11Incubation period: 1-5 days Cutaneous AnthraxCutaneous: Contact with spore-infected animal hides or products through a break in the skinIncubation period: 1-5 daysSymptoms: Papule forms in 1-2 days; changes to vesicle; ruptures to form ulcer and develops black eschar (scab); lasts 2-3 weeksCutaneous anthrax is the most common form of the disease seen in humans.Infection with cutaneous anthrax often occurs when a person is exposed to spores on animal products or hides, which enter through breaks in the skin. The first sign of the disease often occurs within 1-5 days after exposure. It begins as a small bump, and progresses to a larger blister followed by a black scab called an eschar (“ESS-car”). Death is rare if treated with antibiotics, but if left untreated 5-20% of those infected may die.The lesion is usually painless but may be itchy, with varying amounts of redness and swelling around the edges of the scab. Treatment can prevent the spread but not evolution of skin stages. The area will still develop the black eschar before it can heal. If left untreated, a blood infection may also occur. The black eschar separates after 2-3 weeks, leaving a scar.
12Gastrointestinal Anthrax Gastrointestinal: Ingesting poorly- or undercooked infected meatIncubation period: 2-5 daysSymptoms: Fever, abdominal pain, nausea, vomiting of blood, and bloody diarrheaMortality up to 50% due to late diagnosis, GI hemorrhage, massive fluid retentionOropharyngeal anthrax -> compromised airwayGastrointestinal anthrax often occurs following the consumption of raw or undercooked contaminated meat.Symptoms begin 2-5 days after spore exposure and may include fever, abdominal pain, nausea, vomiting of blood, and bloody diarrhea. Death occurs in up to 50% of those infected due to late diagnosis, massive GI bleeding and fluid retention.This is associated with severe abdominal distress followed by fever and signs of infection. An anthrax infection of the throat may lead to a compromised airway and cause difficulty breathing. Involvement of the mouth usually includes lesions at the base of the tongue, sore throat, fever, and swollen lymph nodes.Gastrointestinal anthrax is a very rare disease and there have been no documented cases in the US in the 20th century.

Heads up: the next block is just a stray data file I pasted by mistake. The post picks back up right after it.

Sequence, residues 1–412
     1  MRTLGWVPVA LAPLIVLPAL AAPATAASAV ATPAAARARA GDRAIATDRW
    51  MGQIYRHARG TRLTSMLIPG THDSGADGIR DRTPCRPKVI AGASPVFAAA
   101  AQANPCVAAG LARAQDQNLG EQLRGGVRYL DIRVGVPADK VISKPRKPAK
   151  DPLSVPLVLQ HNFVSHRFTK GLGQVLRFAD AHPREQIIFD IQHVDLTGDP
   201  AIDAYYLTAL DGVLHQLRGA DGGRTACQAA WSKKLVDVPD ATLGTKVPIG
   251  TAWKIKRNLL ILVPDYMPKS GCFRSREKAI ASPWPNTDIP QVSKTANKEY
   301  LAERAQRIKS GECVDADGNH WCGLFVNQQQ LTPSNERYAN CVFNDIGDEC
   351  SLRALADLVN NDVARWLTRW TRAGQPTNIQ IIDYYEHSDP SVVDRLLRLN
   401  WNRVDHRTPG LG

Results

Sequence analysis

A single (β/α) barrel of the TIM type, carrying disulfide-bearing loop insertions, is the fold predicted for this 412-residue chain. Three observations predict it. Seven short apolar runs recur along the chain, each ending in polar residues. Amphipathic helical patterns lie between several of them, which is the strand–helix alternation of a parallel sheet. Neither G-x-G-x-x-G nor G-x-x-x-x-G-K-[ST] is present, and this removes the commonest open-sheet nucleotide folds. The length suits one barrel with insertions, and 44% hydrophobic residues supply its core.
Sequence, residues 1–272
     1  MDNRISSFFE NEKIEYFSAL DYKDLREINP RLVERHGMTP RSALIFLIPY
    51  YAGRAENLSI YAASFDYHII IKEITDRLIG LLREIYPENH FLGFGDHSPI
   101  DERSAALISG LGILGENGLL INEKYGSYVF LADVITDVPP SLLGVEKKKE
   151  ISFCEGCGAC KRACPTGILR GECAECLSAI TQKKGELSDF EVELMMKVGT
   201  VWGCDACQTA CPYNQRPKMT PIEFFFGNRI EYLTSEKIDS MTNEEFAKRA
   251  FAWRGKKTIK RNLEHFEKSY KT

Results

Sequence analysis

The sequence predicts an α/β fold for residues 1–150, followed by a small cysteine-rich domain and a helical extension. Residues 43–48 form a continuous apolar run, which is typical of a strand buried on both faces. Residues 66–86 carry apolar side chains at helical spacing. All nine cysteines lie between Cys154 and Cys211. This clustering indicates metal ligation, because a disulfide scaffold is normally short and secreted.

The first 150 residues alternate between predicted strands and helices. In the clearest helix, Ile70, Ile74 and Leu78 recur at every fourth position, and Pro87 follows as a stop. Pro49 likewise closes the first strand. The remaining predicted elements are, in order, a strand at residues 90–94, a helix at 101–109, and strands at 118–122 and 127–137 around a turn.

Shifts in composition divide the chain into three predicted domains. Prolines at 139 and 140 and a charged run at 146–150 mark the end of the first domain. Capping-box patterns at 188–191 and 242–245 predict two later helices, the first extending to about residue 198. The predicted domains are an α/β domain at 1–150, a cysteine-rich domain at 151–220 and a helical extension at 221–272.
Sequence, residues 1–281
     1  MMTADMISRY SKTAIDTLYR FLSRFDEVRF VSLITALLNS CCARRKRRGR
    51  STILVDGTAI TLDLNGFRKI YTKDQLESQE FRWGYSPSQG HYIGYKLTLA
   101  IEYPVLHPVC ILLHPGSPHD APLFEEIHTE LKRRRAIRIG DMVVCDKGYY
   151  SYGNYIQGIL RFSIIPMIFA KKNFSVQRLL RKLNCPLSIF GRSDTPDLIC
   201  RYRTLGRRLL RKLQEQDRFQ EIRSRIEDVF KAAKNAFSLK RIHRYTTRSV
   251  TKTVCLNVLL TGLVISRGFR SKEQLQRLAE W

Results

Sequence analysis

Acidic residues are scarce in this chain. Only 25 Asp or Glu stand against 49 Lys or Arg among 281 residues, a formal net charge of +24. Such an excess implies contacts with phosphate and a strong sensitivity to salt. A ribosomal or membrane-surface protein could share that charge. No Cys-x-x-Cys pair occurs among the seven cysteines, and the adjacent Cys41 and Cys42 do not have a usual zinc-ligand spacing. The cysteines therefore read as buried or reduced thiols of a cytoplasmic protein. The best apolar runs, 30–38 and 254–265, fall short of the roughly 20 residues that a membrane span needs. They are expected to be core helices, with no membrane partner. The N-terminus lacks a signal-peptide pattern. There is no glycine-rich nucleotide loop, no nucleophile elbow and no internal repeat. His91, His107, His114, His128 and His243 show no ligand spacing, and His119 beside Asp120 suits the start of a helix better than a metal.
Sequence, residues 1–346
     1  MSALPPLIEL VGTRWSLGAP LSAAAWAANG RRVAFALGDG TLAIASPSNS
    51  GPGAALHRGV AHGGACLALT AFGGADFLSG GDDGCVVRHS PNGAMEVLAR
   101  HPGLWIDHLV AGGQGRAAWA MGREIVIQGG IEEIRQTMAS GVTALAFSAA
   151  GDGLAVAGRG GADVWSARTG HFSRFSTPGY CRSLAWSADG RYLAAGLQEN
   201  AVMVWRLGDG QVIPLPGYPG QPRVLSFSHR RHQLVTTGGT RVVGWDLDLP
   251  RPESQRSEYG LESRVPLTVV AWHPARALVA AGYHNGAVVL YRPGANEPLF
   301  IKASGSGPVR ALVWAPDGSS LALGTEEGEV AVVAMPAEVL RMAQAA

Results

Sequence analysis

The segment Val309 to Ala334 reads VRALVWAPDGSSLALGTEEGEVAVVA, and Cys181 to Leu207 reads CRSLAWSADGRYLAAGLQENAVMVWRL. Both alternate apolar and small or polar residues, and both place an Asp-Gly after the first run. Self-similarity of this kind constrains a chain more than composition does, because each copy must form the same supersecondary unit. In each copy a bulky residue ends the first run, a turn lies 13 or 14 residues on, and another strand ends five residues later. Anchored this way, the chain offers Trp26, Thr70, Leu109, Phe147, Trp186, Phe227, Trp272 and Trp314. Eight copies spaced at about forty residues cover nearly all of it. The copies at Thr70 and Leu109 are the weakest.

13Incubation period: 1-6 days Symptoms: Inhalation AnthraxInhalation: Spores enter lungs, collected by white blood cells, travel to lymph nodes. Spores rapidly multiply and produce toxinsIncubation period: 1-6 daysSymptoms:Initially flu-like: Mild fever, myalgias and malaise, cough, chest discomfort, 2-4 daysSlight improvement, hours to daysSevere respiratory distress quickly progresses to shock and death in hours to daysToxins cause destruction of pulmonary and thoracic tissues, result in multiple organ failureInhalation anthrax occurs when spores enter the body through the lungs. Just one breath of spores is enough to cause infection. Disease occurs when anthrax spores enter the lungs, travel to the lymph nodes, multiply, and produce toxins.The toxins cause bleeding and destruction of the brain or vital organs in the chest, ultimately resulting in death.These symptoms develop within 1-6 days and resemble the common cold or flu: sore throat, mild fever, muscle aches, and tiredness. Often the person will begin to feel better but then develop respiratory distress and quickly progress to shock and eventually death. Even when treated aggressively in a state-of-the-art medical facility, 45-80% of unvaccinated patients could die. If left untreated, the death rate exceeds 99%.It is important to remember inhalation anthrax is not contagious. To become infected you must be directly exposed to the spores.